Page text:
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September 1994

Step One: Gateway to Freedom

Lying face down on my dirty living room carpet, hands manacled behind my back, I listened as the sheriff's deputies ransacked my home looking for contraband. I heard one deputy remark, "Boy, this dude sure likes to drink. Must be forty empty liquor bottles on the kitchen floor."

Terrorized, my mind raced, trying to remember if there was anything illegal in the apartment. Unfortunately, a week-long drunk prevented any lucid thought at all.

How had I gotten myself into this situation? I had no idea. My world had become a one-bedroom apartment which I protected with half a dozen loaded guns. The hideous Four Horsemen--Terror, Bewilderment, Frustration, and Despair--had moved in as nonpaying roommates and refused to leave. I lay in a pool of incomprehensible demoralization, not knowing what to do.

One day a week later, bright and early, the doorbell rang. I looked out through the peephole and saw it was John, a former crime partner I hadn't seen in over six years. He looked very different, was quite fit, and his eyes sparkled. Afraid of what he might want, I conversed with him through the door. He told me that the reason for his visit was to make amends to me.

After further discussion, I finally opened the door. John was stunned at my deterioration. He spent the rest of the day carrying the message to me, telling me the story of his miraculous recovery in the Fellowship of Alcoholics Anonymous. I finally agreed to go to an AA meeting with him that evening, though I couldn't see how it could possibly help me.

At the meeting, I heard the First Step for the very first time: "We admitted we were powerless over alcohol--that our lives had become unmanageable."

The word powerless hit me like a bomb blast. It described my situation with alcohol perfectly and completely. My life was more than unmanageable, it was illegal.

The best part was the word "we." I was no longer alone. Others before me had made the admission of powerlessness and had been set free from years of alcoholic misery. If John could work the AA program and stay sober for six years, then I would have to try my best to do it, too.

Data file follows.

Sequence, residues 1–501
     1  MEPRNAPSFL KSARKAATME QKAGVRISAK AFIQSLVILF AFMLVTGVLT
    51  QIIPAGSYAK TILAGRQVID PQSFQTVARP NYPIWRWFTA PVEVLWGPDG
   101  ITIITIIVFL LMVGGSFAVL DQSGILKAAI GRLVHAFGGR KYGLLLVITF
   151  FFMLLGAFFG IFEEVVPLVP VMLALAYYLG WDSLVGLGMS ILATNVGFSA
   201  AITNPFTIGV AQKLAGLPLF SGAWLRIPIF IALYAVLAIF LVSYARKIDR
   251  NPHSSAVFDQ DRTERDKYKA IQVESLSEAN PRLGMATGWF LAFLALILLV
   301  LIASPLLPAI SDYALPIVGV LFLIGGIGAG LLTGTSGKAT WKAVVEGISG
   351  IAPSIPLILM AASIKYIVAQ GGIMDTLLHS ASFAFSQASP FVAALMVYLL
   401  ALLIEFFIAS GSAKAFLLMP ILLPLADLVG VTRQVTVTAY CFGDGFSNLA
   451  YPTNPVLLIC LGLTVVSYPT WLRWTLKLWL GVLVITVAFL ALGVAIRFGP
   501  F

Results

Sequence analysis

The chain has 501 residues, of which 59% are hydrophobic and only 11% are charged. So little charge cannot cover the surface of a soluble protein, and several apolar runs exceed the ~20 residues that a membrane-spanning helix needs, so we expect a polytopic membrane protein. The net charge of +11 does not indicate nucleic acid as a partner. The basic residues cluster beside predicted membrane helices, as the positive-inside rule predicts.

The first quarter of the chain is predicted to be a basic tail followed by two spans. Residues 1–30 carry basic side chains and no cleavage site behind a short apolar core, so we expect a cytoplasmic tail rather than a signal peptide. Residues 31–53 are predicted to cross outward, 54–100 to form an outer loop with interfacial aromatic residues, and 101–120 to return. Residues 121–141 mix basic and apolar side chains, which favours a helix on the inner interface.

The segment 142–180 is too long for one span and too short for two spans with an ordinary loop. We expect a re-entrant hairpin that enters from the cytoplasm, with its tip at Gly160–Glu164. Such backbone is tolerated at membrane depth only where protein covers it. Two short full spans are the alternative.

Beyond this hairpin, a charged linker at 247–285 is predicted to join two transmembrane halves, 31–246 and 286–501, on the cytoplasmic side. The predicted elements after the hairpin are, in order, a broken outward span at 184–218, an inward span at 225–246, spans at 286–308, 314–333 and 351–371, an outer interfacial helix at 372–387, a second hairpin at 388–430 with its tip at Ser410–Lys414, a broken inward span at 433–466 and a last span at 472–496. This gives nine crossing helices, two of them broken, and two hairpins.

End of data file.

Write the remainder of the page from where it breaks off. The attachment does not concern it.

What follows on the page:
Later on I got an older member to help me work the program and formally took the First Step. My sponsor told me that my unmanageable life was a result of self-will run rampant. He went on to say that the only things I had any power over were my behavior and my attitude.

Believing that I was powerless ultimately reduced the size of my world--down to me in the moment. My sponsor explained that alcohol was but a symptom of deeper problems. He also went on to explain that I was selfish, childish, grandiose, emotionally sensitive, and had a number of character defects that stood in the way of serenity and peace of mind. But he said I had a choice: to live life reacting to everything with childish emotions, or to try working the remaining eleven Steps and learn how to live a life guided by spiritual principles.

Today I am learning how to develop a better sense of honesty and to accept my alcoholism with all its ramifications. The obsession to drink was lifted almost immediately and the grace of God continues to shine down on me as I learn how to live life on life's terms. The First Step was the gateway into a new sober life that I could never have imagined.

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